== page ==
How to Stay Warm and Safe When the Power Goes Out
Families across the country are bracing for winter storms. Some areas are anticipating power outages, which causes concerns during freezing temperatures. Additionally, fires due to the misuse of different heating sources are a major concern when storms hit. So how can you keep your family warm and SAFE if you experience a power outage?
Keep all flammable materials, to include cloth, bedding, rugs and paper products at least 3 feet away from all heating sources. Children and pets should never be left alone with heating sources. Make sure to follow all manufacturer directions for cleaning and maintenance of any heating source. Never use your stovetop or oven to heat your home. Make sure your smoke detectors and carbon monoxide detectors are in working order.
A fireplace is a great way to heat your home, but it poses dangers, especially if it has not been used for some time. Double check to make sure that your damper or flue is open by shining a flashlight into the chimney. Never burn trash, paper or green wood in your fireplace. These materials cause heavy creosote buildup and are difficult to control. Use a screen heavy enough to stop rolling logs and big enough to cover the entire opening of the fireplace to catch flying sparks. Don't wear loose-fitting clothes near any open flame. Make sure the fire is completely out before leaving the house or going to bed. Allow ashes to cool before disposing of them. Place ashes in a tightly covered metal container and keep the ash container at least 10 feet away from your home and any other nearby buildings. Never empty the ash directly into a trash can. Douse and saturate the ashes with water. Additionally, try to keep a window cracked in the room where your fireplace is located.
If you have another option, avoid using space or kerosene heaters. But if you must use them make sure they are on a flat, hard surface (not carpet) and are at least 3 feet away from flammable materials such as walls, bedding or clothing. Look for heaters that will automatically turn off if they fall over. Never leave them on while sleeping or when you leave your house. Heaters should always be plugged directly into an outlet, never use an extension cord or power strip.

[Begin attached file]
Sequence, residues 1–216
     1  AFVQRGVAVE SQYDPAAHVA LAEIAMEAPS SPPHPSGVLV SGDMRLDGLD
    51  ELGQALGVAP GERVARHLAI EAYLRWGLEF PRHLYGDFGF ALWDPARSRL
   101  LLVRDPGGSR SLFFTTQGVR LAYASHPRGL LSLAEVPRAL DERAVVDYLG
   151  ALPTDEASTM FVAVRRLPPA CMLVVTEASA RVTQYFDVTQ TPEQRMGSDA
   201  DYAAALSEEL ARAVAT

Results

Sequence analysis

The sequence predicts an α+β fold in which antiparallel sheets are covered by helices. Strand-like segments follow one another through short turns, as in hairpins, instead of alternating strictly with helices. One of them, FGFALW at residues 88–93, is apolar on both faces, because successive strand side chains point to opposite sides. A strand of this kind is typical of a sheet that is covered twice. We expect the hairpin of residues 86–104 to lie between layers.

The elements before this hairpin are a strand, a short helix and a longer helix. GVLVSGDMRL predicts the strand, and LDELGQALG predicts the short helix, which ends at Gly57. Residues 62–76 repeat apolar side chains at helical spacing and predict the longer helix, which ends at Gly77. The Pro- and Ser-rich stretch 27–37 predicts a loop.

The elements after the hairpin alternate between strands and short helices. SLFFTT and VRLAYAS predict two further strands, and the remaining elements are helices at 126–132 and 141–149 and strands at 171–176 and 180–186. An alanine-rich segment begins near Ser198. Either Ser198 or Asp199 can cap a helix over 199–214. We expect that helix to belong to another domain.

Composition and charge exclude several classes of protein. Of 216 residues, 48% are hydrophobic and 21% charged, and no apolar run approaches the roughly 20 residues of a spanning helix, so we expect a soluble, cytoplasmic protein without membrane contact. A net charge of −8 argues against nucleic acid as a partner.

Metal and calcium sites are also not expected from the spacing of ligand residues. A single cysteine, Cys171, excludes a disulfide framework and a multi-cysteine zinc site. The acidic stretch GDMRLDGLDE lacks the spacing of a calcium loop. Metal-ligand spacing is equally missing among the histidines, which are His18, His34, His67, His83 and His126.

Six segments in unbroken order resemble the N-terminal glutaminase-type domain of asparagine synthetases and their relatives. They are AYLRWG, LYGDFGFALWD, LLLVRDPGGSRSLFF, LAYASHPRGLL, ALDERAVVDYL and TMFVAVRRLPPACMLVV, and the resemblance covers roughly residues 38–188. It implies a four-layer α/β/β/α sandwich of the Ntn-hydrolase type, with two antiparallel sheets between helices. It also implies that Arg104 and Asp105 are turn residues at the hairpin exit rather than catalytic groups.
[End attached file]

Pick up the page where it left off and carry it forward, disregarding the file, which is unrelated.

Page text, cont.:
Keep the Warm Air In
Make sure to close all blinds and curtains to retain heat. During the daytime, opening the blinds or curtains on the sunny side of your house can help warm your home, but make sure to close them when the sun goes down. You can also tape bubble wrap to your windows, which may help provide extra insulation. Put rolled up towels or blankets at the bottom of doors to avoid heat loss and cold air coming in.
Avoid opening the outside doors as much as possible. Make sure to close all the doors in your home. Another good tip is to have everyone in your household sleep in one room. This is the perfect time to create a tent fort in the living room and have a slumber party! The tenting will provide additional warmth, and sleeping in close quarters will help everyone retain body heat.
Clothing and Bedding
Get creative with clothing. Covering the head, hands and feet is important, but many people in southern states may not own mittens or hats. Socks can be used to keep hands warm, and any cloth wrapped around the head is better than nothing. Think layers, layers, layers! Make sure the fluffiest blankets are closest to your skin, and then layer thinner, more dense blankets on top.
Always use caution when using a generator: never bring a generator inside your home, always follow all manufacturer guidelines, and only plug in the appliances you really need to run. Be careful when exiting your home to operate the generator. Ice on walkways can cause serious injuries, so take your time and make sure to wear shoes that have grip.
We Hate to Be a Buzz Kill
But experts also say that drinking alcohol is not advised when trying to stay warm. It is known to drop your core body temperature.
We hope everyone is able to stay safe and warm through this storm!